The Big Brand Theory: Publix Has Come of Age with Social



ImageIf you live in, or visit Florida, it’s very likely that you’re familiar with the grocery store chain Publix and its bright green logo. Since its establishment in 1930 by entrepreneur George W. Jenkins, the chain has spread to six other southern states with a total of over 1,100 stores.  Wherever it opens, the store tends to garner a passionately loyal following from its customers, earning the title of being a love brand.

Slow to jump into the world of social media platforms, prior to July 2012 the only Facebook pages dedicated to Publix had been set up unofficially by employees and customers. According to Abby Pemberton, the social media manager at Publix, “what we learned, especially when we weren’t on social, was our customers were still having the conversations without us – so it really didn’t make sense for us to not be there.”


ImageAfter about a year and a half of planning, the official page was quietly launched with no fanfare. What happened next was even a surprise to the company: in the weeks after their official Facebook page launch, about 100 people were liking the page each minute.

Only a little over a year later, Giselle Abramovich of Digiday noted that the page had over 25 million interactions to brand-initiated posts, and referred to Publix as one of the most engaging brands on Facebook.

Engaging the Customer

There are several major types of posts that Publix is making on its Facebook page:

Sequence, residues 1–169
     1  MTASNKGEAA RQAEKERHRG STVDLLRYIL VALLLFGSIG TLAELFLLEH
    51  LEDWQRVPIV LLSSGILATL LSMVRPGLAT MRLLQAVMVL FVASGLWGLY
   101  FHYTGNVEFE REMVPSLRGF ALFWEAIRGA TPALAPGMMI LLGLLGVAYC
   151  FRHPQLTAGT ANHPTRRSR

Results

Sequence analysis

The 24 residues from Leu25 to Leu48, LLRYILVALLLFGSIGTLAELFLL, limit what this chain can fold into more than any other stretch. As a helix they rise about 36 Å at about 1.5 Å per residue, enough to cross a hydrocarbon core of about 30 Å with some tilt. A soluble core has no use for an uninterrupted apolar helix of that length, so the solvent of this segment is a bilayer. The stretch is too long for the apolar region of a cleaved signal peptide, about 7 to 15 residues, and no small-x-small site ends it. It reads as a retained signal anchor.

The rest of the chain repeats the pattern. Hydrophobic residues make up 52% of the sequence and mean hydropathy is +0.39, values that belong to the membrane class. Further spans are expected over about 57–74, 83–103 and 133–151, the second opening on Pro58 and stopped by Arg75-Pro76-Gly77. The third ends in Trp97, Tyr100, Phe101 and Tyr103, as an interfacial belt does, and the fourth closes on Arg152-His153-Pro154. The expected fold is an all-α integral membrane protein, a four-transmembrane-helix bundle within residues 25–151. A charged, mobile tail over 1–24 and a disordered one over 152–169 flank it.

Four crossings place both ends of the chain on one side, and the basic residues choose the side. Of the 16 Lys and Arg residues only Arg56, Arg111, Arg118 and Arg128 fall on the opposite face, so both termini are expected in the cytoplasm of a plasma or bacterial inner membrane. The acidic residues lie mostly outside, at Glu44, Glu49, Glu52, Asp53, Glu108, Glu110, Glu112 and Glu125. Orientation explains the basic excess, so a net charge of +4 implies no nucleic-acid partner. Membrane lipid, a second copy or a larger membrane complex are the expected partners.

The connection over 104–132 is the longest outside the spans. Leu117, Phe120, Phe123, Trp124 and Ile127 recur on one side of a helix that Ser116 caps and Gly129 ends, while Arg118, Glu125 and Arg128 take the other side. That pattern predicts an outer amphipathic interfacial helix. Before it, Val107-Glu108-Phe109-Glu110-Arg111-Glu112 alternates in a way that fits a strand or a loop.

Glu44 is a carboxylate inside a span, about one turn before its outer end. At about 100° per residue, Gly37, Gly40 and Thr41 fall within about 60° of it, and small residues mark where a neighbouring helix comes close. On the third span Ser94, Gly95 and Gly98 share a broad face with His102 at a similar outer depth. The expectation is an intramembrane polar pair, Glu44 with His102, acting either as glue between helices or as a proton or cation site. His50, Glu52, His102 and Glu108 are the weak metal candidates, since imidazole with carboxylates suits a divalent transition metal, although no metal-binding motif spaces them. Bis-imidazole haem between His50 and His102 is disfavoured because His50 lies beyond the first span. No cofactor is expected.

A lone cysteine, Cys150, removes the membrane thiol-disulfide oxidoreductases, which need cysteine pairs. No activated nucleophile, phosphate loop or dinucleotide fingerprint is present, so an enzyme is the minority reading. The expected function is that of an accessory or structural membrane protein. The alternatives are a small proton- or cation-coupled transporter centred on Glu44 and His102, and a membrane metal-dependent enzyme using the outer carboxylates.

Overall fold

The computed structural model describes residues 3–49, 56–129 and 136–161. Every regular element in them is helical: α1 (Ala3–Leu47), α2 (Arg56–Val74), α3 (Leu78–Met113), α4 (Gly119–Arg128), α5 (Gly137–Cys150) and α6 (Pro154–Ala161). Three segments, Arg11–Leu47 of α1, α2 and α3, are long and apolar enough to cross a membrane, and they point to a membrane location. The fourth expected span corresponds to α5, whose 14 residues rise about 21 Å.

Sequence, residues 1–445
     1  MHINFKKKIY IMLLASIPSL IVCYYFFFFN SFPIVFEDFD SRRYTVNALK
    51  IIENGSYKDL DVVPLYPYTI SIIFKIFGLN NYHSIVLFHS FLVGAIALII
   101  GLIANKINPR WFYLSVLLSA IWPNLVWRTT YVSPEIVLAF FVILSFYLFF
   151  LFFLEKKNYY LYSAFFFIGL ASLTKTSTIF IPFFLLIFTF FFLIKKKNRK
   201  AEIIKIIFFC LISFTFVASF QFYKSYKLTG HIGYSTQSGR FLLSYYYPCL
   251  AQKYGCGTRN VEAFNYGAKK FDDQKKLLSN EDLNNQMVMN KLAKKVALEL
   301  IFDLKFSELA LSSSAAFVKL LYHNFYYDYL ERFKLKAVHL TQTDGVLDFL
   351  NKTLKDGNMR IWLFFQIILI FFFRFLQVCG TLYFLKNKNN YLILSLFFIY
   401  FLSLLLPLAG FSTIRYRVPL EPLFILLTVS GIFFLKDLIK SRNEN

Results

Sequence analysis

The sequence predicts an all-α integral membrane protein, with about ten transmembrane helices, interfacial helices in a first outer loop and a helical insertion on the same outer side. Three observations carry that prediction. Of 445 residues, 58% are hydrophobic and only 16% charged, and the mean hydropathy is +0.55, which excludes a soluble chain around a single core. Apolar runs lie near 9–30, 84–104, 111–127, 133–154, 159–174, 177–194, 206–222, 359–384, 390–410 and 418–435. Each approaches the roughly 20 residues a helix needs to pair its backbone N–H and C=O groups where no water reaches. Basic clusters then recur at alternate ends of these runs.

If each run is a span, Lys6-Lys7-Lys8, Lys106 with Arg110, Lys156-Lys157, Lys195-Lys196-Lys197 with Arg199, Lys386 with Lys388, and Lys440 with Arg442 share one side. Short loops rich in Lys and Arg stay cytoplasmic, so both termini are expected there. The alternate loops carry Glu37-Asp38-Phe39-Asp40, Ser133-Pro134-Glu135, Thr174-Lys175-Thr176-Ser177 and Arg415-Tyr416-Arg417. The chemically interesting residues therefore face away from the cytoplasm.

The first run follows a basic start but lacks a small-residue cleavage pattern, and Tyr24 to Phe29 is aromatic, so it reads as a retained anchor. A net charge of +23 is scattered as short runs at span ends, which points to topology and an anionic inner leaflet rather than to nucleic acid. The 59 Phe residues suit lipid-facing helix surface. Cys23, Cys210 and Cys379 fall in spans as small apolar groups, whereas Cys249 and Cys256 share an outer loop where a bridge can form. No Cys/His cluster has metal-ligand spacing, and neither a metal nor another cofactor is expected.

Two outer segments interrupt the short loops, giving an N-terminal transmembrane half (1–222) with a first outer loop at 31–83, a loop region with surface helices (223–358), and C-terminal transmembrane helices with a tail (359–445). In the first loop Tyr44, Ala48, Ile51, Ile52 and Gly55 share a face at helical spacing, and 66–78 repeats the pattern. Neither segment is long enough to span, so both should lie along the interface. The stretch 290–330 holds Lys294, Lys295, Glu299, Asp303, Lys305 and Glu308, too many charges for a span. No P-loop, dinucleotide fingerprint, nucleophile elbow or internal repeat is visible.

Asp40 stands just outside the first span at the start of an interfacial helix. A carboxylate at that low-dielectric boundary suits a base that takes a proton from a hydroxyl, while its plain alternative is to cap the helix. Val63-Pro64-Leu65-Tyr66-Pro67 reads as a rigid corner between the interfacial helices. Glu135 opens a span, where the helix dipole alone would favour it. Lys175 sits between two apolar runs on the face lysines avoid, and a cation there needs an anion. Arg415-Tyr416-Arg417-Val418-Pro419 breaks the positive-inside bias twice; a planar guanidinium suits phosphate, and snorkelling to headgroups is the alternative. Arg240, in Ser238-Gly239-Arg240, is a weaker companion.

Answering customer questions and comments: The social media team, comprised of about six individuals, works closely with the corporate customer care team. Sometimes, someone has to shout over the cubicle wall for a piece of information from one of the other team members. The team is on duty during the same hours that the actual stores are open, with an individual dedicated to Twitter and another to Facebook.

The social media team is responsive to anything posted on the Facebook wall or Twitter. They even monitor social messages where they aren’t explicitly tagged and determine whether it’s appropriate to respond.

Promotions: the team is always wanting to educate customers on ways to save in stores, whether that’s through weekly ad, specials, BOGOs (Buy-one-Get-One), – and just different promotions happening in the stores.

Recipes: Recipes are an important source of content for the company’s social media efforts. Publix has long featured special displays in the stores where someone is giving lessons on making certain recipes.

Supporting non-profits: As each store exists within a physical community, there is a great deal of effort given towards supporting local and national charities, including the United Way and March of Dimes.

Entertaining: particularly with each holiday, the company is able to provide entertaining ideas.

New Stores: As the company is continuing to grow across other states, and with the fact that the organization has real fans, there is a lot of interest in new store openings.

Pemberton told me that being on the social media team for a major grocery chain comes with its own challenges. Not only do customers want information about the stores, but they are often seeking information about food and nutrition, an area of information that can change quickly. Pemberton explained, “It’s interesting; when you’re talking about food, especially all the things that can happen – major recalls, or something that’s being talked about as far as what to avoid in your diet – sometimes we will start to get an influx of questions. As a team, it’s really good to make sure we’re on the same page in our responses.”

The Big Brand Theory is an exclusive column for Social Media Today written by Ric Dragon that explores the social media strategies of big brands, both B2B and B2C. Look for the next installment next week. Logos by Jesse Wells.

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